After five days of driving every day, we were more than ready to roll into Las Vegas, and get out of the damn truck. No driveway has ever looked more welcoming than that of my sister’s home there. We piled out, ready to hang out with friends and family for a few days, and that’s exactly what we did.
But, you know the old saying…..”Family, like fish, begins to stink after five days.” Ever mindful of wearing out our welcome, we decided to head to Lake Mead for three days of camping, and return on New Year’s Eve, in time to watch the Spartans beat Alabama in the Cotton Bowl. (HA! We all know how that turned out, right?) I had even gone to the casino and placed a $10 bet just to get a bit of skin in the game.On the advice of brother in law Dan, we decided to camp at Boulder Beach CG, which is the closest of the established campgrounds to Hoover Dam. Both John and I have visited the Dam previously, but not together, and not for many years. Boulder Beach turned out to be a marvelous choice – sparsely populated and sparkling clean. Low water levels in Lake Mead make a waterfront site just a wee bit of a walk these days, but the camping fee of $5/day (with our Senior Pass) was just right. Lots of beautiful sights here, and a few not-so-beautiful. I was intrigued by this dead mallard in the water, which had been picked nearly clean.Low water levels are always a topic of conversation here. Lake Mead was last at capacity in 1983 – currently it’s at 38% of capacity – a 143 foot drop.
Once again, we are happy to be people who enjoy cycling. As we hit the bike trail heading toward the Dam, we could see traffic backing up on the highway. It’s a great feeling to know that we probably beat most of those folks to their destination. The best part of the ride was the last 4 miles, where we connected to the National Historic Railroad Trail. This unpaved 4-mile segment, constructed on an old railroad grade, passes through five tunnels used during construction of the Dam. Throw in a dozen panoramic views – it adds up to a really fun ride. Hoover Dam is one of those public works projects that defies imagination. How could it have been so well engineered that, nearly 80 years later, it still provides water to 25 million area residents, as well as providing power, silt control, and erosion control? How could it have been completed nearly 2-1/2 years ahead of its seven-year schedule? There are dozens of amazing statistics in this massive project.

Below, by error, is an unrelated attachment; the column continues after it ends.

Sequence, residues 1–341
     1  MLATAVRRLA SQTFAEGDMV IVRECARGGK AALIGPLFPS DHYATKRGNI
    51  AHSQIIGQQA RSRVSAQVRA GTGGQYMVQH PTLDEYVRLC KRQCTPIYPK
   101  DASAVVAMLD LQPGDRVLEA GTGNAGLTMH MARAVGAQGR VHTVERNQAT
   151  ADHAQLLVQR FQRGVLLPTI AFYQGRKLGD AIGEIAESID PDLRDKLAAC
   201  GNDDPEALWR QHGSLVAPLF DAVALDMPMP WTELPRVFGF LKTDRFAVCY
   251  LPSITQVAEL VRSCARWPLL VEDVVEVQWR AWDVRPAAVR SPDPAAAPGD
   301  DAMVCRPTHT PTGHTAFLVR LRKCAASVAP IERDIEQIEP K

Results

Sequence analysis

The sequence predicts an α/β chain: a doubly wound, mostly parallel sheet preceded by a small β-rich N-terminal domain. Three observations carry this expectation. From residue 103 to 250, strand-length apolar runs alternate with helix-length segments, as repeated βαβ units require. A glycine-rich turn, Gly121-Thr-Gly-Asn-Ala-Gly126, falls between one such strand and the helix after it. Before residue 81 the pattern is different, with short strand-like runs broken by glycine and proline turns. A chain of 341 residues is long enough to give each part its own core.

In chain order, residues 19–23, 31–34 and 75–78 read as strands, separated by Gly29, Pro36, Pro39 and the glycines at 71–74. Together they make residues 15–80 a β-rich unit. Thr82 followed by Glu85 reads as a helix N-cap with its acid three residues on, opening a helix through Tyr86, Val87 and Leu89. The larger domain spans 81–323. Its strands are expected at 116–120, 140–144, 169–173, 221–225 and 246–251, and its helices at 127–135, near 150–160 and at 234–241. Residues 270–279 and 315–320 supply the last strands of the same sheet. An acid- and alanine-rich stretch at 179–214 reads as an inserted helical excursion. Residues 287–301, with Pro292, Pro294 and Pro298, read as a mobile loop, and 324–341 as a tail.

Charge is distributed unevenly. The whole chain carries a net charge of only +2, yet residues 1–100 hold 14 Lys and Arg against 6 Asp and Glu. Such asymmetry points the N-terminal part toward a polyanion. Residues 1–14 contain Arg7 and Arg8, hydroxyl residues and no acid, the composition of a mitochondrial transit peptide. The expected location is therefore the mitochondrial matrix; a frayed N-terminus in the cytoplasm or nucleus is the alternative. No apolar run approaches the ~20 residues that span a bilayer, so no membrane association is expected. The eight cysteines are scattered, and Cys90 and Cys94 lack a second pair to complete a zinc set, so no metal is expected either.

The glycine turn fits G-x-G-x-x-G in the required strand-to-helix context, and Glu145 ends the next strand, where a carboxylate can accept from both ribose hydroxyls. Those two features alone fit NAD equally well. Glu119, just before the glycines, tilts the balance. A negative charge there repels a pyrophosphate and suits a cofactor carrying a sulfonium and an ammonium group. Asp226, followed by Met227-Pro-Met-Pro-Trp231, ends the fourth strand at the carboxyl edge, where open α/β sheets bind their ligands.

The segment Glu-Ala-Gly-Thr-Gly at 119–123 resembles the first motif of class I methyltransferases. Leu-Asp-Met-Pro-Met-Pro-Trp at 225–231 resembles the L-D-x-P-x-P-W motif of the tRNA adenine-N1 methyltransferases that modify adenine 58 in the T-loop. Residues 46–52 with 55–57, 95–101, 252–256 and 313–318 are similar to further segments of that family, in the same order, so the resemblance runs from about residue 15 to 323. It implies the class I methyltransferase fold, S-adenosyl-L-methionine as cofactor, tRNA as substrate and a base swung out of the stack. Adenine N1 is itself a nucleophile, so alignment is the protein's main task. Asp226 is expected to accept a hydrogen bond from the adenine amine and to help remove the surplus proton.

Adjacent to the Dam is the Pat Tillman Memorial Bridge, which opened in 2007. John and I actually cycled across the bridge the day before it was open to traffic as part of Viva Bike Vegas. It was dazzling to be on that high span with thousands of cyclists and NO car or trucks. Now, the pedestrian walkway on the Bridge provides great high views of the Dam. No matter what your interest, wandering around the Dam complex and the Visitor Center is a great way to spend an afternoon.Great weather influenced our decision to ride the 35-mile River Mountains Loop Trail on our last day in camp. While this should have been a breeze, the rolling terrain took a toll on us. We were delighted to find that the last 8 miles were a slick downhill from Boulder City back to Boulder Beach CG. We were knackered – why do we let ourselves get so out of shape?
New Year’s Eve in Las Vegas should be a huge party, and it probably is for the thousands of other visitors to this playground. Back in the safe haven at my sister Gail’s house, we all managed not to see any fireworks, or toast the entry of the 2016. Old farts? Well, maybe….
Death Valley National Park will be our home for the next several days. Family, like fish…..
Happy New Year.